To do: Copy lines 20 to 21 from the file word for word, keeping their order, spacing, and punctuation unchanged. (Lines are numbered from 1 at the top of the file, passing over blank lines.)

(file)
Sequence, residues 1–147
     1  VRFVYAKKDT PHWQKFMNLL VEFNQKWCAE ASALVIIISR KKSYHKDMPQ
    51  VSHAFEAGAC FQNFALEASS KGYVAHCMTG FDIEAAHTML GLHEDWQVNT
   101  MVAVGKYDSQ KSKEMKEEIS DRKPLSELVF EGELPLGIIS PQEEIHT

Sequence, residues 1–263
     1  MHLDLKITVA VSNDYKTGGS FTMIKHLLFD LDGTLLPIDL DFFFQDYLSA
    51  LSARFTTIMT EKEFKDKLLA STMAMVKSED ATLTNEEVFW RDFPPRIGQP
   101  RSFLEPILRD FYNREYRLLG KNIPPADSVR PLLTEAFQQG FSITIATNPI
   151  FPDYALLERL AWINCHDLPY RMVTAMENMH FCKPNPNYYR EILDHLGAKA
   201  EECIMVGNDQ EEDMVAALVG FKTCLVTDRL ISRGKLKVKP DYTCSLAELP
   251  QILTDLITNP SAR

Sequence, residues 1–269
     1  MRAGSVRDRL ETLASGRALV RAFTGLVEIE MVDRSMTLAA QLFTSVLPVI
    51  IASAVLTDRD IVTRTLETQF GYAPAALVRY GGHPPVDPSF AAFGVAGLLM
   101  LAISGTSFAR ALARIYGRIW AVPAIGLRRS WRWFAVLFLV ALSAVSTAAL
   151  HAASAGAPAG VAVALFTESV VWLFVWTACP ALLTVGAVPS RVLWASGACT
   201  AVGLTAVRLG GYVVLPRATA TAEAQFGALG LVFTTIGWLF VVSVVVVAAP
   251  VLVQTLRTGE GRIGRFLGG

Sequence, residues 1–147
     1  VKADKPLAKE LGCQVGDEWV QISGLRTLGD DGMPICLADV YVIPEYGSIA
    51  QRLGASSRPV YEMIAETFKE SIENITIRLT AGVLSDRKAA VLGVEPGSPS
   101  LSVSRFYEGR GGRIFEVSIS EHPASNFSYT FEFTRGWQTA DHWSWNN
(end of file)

     1  VKADKPLAKE LGCQVGDEWV QISGLRTLGD DGMPICLADV YVIPEYGSIA
    51  QRLGASSRPV YEMIAETFKE SIENITIRLT AGVLSDRKAA VLGVEPGSPS